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If you have ever seen a honeybee in your garden before you got your bees then there are certainly other colonies nearby. There are other beeks in the Redding area on this forum.

An upside down jar inside an empty box is a common and effective way to feed. Go for it if you have the empty box available.

I prefer to use a shim made of 1x3 lumber to contain a ziplock baggie of syrup. Just fill the baggie 2/3 full and cut a few small slits on top of the baggie. I place the baggy in a foil tray to catch any spills, the disposable kind used for holiday dinners. Refilling is quick and easy, just open the top, put in a fresh syrup baggie, cut a few slits and close the lid. Taking just a few seconds, it's usually done before they realize their roof is open.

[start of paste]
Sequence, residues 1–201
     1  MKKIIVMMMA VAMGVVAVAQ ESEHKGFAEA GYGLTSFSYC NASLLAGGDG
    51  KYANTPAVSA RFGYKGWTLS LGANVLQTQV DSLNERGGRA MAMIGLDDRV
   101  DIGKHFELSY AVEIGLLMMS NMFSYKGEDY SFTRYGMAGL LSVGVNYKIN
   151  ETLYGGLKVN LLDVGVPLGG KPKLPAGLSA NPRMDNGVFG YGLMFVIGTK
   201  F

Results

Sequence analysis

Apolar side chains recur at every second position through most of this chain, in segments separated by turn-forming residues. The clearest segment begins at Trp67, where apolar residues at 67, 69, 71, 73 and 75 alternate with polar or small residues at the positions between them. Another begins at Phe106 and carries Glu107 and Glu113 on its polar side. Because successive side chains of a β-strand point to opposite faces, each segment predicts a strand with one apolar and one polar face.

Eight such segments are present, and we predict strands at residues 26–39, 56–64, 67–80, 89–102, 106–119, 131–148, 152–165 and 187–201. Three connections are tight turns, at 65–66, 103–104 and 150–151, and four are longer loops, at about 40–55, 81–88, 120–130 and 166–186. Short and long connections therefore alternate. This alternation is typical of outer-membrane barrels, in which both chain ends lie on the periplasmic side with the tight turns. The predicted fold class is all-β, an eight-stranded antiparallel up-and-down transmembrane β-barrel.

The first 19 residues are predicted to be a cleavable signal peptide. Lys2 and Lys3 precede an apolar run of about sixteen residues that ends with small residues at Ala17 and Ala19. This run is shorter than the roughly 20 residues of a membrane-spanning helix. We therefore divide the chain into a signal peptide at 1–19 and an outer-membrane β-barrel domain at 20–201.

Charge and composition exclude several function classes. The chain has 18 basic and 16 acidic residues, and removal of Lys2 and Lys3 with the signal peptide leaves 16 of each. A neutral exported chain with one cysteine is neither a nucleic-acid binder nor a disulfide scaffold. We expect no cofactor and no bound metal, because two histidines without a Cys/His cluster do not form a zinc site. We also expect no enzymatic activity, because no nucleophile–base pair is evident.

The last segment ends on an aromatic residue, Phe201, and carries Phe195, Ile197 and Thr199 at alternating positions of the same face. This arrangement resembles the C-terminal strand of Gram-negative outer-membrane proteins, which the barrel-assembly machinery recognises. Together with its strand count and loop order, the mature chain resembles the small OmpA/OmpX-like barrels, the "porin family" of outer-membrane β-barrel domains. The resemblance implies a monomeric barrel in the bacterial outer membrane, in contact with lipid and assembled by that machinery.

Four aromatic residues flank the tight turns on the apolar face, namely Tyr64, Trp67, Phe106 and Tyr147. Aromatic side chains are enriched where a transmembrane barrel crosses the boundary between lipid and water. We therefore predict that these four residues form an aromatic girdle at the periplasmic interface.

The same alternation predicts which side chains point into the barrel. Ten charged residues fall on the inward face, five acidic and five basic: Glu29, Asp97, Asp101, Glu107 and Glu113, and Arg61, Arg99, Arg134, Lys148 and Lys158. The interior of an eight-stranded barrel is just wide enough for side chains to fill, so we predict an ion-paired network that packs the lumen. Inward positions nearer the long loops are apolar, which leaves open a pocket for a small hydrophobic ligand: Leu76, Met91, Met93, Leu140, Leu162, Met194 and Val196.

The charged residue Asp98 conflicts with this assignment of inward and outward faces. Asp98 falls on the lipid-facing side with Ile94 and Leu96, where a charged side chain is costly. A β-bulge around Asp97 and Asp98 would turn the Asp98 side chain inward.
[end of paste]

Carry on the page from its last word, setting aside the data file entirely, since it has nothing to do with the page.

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If you have ever seen a honeybee in your garden before you got your bees then there are certainly other colonies nearby. There are other beeks in the Redding area on this forum.

An upside down jar inside an empty box is a common and effective way to feed. Go for it if you have the empty box available.

I prefer to use a shim made of 1x3 lumber to contain a ziplock baggie of syrup. Just fill the baggie 2/3 full and cut a few small slits on top of the baggie. I place the baggy in a foil tray to catch any spills, the disposable kind used for holiday dinners. Refilling is quick and easy, just open the top, put in a fresh syrup baggie, cut a few slits and close the lid. Taking just a few seconds, it's usually done before they realize their roof is open.
Hey...I'm gonna try this..just can't get a visual on your 1x3 "shim." Can you be more specific for a little old lady beek?